Four years ago, when the voters of California enacted Proposition 103, the insurance reform initiative, the property/casualty companies roared defiance and some forecast their withdrawal from the state. Using every obstructive tactic they knew, the large auto insurance companies spent tens of millions of dollars fighting Prop 103 in the courts.
Last week the National Insurance Consumer Organization (NICO) released a 4 year progress report showing that Prop 103 has been a remarkable triumph with more good news to come. By exercising their vote, California consumers bypassed an industry-indentured non-acting legislature and set in motion the following successes: over $4 billion in California personal auto insurance have been saved; cartel pricing has been outlawed; and insurers have increased their advocacy for safer motor vehicles and against fraud. What’s more, Prop 103 has attracted more insurers to California. It requires insurance to be made available to good drivers by all companies and it has stimulated a major company, Progressive Insurance, to initiate a price comparison service for consumers.
Although $2 billion in rollbacks are still being held up in the courts, about $300 million has been refunded already. The delay in refunding the rest of the overcharges is not just due to dilatory lawsuits by insurance companies. Governor Wilson has refused to allow final implementation of the regulations under Prop 103 to become effective.
California has gone from the third highest auto rate increase state before Proposition 103 to the third lowest at present.
Bob Hunter, director of NICO, reports that Prop 103 has stimulated insurance reform efforts in over 40 states. He especially lists significant reforms in New Jersey, Pennsylvania, South Carolina and Texas. ‘Proposition 103 is directly responsible for the rating bureaus’ decisions to stop producing final rates and for increased Congress interest in insurance” said Hunter. Congress is nearing action on ending the insurance industry’s exemption from the federal antitrust laws.
For decades, the powerful insurance lobby could boast that it never lost a major fight with state or federal agencies. The aura of invincibility also flowed from the hundreds of thousands of politically connected insurance agents and the big money the industry pours into political campaign coffers.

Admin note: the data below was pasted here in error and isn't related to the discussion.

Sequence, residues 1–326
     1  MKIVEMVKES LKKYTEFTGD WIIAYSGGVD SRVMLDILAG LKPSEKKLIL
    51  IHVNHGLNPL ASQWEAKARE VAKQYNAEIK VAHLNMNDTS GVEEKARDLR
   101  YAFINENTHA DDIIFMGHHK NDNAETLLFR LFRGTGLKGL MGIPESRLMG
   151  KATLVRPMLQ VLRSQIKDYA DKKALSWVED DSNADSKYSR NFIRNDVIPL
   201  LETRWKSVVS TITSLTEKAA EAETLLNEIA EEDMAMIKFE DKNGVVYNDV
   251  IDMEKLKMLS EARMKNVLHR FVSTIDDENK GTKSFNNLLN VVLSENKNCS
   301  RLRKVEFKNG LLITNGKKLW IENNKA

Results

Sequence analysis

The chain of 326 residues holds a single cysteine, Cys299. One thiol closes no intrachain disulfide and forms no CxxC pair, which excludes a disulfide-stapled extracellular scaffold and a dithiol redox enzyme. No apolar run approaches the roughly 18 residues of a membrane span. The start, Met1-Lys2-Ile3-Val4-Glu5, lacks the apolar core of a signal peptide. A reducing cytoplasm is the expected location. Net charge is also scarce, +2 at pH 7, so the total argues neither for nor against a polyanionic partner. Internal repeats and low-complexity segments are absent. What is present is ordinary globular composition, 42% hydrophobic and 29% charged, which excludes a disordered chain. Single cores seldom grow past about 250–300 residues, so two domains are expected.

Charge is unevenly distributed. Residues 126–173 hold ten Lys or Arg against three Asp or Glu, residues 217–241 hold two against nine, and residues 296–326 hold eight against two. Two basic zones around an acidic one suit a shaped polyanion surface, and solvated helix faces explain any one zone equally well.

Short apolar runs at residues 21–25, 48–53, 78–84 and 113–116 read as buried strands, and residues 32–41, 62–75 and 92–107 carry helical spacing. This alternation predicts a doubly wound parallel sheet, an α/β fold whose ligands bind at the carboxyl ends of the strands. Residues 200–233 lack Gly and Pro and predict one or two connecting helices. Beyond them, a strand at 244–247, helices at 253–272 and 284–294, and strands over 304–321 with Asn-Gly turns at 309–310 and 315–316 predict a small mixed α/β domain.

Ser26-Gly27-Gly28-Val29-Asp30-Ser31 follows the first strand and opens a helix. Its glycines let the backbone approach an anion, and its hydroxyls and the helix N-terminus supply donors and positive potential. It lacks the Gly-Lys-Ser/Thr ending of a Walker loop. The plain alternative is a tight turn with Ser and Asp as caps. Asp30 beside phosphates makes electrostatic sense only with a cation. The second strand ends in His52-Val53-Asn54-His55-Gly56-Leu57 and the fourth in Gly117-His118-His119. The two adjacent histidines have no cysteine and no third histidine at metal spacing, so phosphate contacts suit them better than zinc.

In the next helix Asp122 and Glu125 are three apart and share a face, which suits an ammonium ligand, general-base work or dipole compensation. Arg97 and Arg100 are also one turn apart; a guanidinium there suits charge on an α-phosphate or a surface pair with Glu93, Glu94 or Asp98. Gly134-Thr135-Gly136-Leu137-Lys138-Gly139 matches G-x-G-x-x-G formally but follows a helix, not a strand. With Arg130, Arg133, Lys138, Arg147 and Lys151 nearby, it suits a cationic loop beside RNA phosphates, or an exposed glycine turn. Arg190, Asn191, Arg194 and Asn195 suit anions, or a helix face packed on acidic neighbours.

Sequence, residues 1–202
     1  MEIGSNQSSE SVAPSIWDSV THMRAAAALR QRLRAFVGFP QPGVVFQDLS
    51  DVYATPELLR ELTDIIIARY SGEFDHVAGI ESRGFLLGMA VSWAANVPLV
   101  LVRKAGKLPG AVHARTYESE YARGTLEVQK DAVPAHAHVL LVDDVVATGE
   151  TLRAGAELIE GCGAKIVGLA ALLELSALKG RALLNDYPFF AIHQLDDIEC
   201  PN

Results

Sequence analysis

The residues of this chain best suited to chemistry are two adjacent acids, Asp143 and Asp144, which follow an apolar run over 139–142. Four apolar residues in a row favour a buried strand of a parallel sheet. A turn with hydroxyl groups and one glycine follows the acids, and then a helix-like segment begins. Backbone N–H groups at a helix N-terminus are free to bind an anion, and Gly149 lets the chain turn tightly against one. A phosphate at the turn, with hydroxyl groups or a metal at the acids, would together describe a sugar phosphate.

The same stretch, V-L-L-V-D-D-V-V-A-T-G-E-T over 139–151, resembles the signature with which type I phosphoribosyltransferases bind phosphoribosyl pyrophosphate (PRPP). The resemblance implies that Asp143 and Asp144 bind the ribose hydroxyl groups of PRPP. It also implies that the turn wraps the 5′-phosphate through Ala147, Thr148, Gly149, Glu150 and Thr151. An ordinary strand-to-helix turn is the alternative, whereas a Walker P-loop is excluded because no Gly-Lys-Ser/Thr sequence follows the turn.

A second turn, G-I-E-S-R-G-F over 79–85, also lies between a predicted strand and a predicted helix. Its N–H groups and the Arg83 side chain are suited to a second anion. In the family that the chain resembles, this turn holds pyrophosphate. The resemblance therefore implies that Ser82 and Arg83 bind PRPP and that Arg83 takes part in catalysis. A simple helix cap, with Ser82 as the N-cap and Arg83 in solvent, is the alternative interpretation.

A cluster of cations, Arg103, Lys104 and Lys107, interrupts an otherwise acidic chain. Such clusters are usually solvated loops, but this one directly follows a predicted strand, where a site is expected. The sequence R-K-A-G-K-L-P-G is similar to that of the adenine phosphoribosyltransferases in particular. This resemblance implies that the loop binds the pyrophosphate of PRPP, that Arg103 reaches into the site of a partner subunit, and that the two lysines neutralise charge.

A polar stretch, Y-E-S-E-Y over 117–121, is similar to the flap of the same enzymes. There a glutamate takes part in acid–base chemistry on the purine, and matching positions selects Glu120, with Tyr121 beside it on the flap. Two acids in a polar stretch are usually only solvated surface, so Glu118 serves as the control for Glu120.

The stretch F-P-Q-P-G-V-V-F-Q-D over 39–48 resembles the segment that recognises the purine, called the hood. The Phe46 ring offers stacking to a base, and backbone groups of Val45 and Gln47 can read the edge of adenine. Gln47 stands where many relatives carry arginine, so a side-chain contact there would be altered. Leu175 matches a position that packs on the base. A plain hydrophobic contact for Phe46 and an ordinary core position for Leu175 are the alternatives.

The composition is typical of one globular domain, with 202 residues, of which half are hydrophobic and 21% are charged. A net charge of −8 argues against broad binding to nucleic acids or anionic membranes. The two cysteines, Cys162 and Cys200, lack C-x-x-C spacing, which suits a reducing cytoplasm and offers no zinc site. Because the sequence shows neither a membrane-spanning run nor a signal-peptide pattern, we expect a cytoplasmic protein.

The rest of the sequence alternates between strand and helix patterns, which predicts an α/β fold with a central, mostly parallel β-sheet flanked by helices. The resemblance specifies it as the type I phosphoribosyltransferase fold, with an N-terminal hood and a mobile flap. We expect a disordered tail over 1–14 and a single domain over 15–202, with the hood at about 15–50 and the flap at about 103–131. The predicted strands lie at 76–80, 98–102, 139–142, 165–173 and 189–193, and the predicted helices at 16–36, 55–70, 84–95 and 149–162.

Prop 103 ended that dominance, even though the industry spent $804 million in California to oppose Prop 103 and even though it had most of the state legislators under its control or in neutral.
Perhaps the most constructive response to the perturbing effect of Prop 103 was the creation of Advocates for Highway and Auto Safety in Washington, D.C. Funded by several large insurers, Advocates has a board of directors composed of insurance company officials and consumer advocates. Its mission is to press for stronger vehicle safety and property damage prevention standards. Taking on the auto industry is a courageous step for insurance companies but it also is a major way to reduce their claims.
One provision of Prop 103 was to require that the insurance commissioner be elected, not appointed by the Governor. The first elected Commissioner, John Garamendi, has taken his enforcement obligations regarding Prop 103 with refreshing seriousness.
But the most impressive consequence of this California reform is that the insurance companies are becoming more internally efficient in trimming their bureaucracies and stodgy ways.
Changing the insurance companies’ focus from that of a mere cost-plus or pass-through operation to that of a more attentive focus on reducing their underlying corporate costs is no mean achievement. The voters of California did just that!